The song "The Lincoln Quick Step" (1860), accessible through American Memory by searching for the title, shows the confidence some had that Lincoln could preserve the Union:
"HONEST OLD ABE" has split many a rail
He is up to his work, and he'll surely not fail,
He has guided his FLAT-BOAT thro' many a strait,
And watchful he'll prove at the HELM of the State.
Share the lyrics (page two) and the cover (page three) with the class.
On this Lincoln campaign poster: Lincoln For President! (1860) as a link from the EDSITEment resource American Memory, students should note the word "Union." Even in his campaign, Lincoln clearly stood for preserving the Union.
An editorial from the Indianapolis Daily Journal (January 17, 1861) from the EDSITEment resource The Valley of Shadow shows the willingness in some quarters to risk war. Here is an excerpt:
"We are therefore for the most determined measures of resistance to the rebellion in the Gulf States. We insist that the Union shall be preserved till those who made it shall consent to change it. No refractory State or combination of traitors must be permitted to peril it in the pursuit of insane vengeance or impracticable theories. And if their madness leads them to open war let them suffer the doom of traitors."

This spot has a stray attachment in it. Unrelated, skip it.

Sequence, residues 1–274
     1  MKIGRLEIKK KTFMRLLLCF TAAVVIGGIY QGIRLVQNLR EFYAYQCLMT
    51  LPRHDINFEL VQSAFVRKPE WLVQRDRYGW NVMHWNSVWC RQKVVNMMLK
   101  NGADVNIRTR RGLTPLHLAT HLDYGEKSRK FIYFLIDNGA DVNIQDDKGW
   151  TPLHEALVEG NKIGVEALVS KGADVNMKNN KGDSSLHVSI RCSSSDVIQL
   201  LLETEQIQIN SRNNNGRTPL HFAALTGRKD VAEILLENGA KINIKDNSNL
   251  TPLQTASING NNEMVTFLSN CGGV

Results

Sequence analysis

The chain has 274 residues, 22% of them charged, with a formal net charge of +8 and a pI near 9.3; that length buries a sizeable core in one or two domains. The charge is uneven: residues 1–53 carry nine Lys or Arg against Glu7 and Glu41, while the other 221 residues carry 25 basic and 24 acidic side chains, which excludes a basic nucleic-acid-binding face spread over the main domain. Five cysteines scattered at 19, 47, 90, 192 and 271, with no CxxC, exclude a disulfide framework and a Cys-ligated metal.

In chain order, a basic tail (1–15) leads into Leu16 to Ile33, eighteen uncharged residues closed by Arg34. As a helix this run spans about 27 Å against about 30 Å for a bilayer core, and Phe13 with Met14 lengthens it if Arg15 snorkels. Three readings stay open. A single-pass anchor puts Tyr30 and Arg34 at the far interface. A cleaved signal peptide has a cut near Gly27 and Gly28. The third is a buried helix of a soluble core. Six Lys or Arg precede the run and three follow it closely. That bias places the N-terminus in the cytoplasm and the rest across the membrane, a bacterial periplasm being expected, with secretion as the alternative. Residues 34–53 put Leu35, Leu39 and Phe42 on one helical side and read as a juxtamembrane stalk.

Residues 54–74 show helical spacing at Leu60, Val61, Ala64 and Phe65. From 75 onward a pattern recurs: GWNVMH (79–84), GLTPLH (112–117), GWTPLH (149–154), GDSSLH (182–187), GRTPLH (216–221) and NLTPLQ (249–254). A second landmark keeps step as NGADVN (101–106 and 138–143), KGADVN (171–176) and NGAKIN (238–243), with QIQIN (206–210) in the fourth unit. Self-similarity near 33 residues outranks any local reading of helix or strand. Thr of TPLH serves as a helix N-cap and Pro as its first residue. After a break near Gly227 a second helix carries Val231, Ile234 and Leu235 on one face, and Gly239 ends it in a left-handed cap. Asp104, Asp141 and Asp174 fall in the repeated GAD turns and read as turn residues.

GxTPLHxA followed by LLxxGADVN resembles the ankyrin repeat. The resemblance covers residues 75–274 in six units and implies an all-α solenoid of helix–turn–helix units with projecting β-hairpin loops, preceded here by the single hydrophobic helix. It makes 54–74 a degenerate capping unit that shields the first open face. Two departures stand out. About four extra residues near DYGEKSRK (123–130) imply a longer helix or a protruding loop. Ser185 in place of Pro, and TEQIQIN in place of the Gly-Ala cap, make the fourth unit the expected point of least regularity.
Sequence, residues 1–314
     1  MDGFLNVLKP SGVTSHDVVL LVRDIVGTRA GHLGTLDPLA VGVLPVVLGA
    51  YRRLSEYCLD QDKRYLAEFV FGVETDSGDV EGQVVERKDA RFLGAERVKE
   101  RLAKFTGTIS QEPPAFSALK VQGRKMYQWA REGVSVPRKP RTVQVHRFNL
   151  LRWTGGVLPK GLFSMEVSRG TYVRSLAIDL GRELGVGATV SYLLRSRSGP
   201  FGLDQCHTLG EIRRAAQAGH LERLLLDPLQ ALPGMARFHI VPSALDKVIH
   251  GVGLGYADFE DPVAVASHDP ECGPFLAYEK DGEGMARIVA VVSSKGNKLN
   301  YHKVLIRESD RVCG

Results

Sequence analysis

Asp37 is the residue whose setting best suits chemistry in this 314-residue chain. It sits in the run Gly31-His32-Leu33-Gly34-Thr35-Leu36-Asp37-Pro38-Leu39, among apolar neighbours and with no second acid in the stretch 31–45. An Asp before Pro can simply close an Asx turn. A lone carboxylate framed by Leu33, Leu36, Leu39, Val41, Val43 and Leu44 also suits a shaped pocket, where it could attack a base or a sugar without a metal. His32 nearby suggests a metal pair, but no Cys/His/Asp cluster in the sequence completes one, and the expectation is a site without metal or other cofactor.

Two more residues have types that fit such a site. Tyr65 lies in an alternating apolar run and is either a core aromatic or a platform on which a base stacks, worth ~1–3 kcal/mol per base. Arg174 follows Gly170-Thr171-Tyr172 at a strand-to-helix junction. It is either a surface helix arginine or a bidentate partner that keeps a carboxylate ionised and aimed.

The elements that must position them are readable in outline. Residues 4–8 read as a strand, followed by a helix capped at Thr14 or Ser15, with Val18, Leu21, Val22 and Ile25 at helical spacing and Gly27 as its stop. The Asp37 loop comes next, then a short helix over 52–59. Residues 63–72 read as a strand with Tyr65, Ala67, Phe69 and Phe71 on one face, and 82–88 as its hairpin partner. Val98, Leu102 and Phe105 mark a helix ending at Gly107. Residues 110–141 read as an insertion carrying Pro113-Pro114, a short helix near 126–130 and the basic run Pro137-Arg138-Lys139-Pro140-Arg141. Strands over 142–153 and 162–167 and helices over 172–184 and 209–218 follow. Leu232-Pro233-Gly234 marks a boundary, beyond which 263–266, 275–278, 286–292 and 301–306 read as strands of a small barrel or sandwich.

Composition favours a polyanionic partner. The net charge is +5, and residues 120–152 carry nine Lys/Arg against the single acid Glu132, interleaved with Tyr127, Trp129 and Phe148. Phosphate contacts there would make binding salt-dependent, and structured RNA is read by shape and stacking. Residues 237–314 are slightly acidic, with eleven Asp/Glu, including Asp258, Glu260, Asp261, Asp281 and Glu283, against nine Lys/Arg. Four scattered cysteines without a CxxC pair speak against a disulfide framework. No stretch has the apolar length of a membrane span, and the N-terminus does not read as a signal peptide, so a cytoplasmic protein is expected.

Events After the Inauguration
A song about Lincoln, "Our Country's Flag" (1861), features the lyrics: "The Union must and shall be saved." Look at the cover and lyrics accessible through the EDSITEment resource American Memory.
Early in the war, the senate requested information from Lincoln on the seizure of two Confederates from an English ship as recorded in the Journal of the United States Senate, Thursday, December 26, 1861 at the end of page 73, accessible through American Memory by searching for the title. We sometimes forget that Lincoln had to continue conducting foreign policy during the war.
The war did not always go well for the militarily superior North. Here, in an American Memory document, Lincoln fires General McClellan, the military leader of the Northern armies (November 5, 1862).
Later, Lincoln appointed Grant to lead the army. A digitized version of Ulysses S. Grant's commission as lieutenant general (March 10, 1864) and background information is accessible through American Memory by searching for the title.
A first draft of The Gettysburg Address (1863) is available in a digitized version from the Library of Congress. Additional materials relating to the Gettysburg Address are also available, including a transcript and a photo of Lincoln at Gettysburg.
Show your students the police blotter of Lincoln's assassination (1865) from the EDSITEment resource Digital Classroom. Did Lincoln's death result from his desire to preserve the Union?
Show your students the wanted poster for Lincoln's assassins (1865) from American Memory.
Now that the class has looked at the issues of property, slavery and union, discuss Lincoln's inaugural address in relation to what actually happened. How well did the speech reflect what transpired?
Lincoln decided to re-supply Fort Sumter. What happened as a result? Was that unexpected?
Lincoln opposed slavery but said he would not end the practice. What did happen?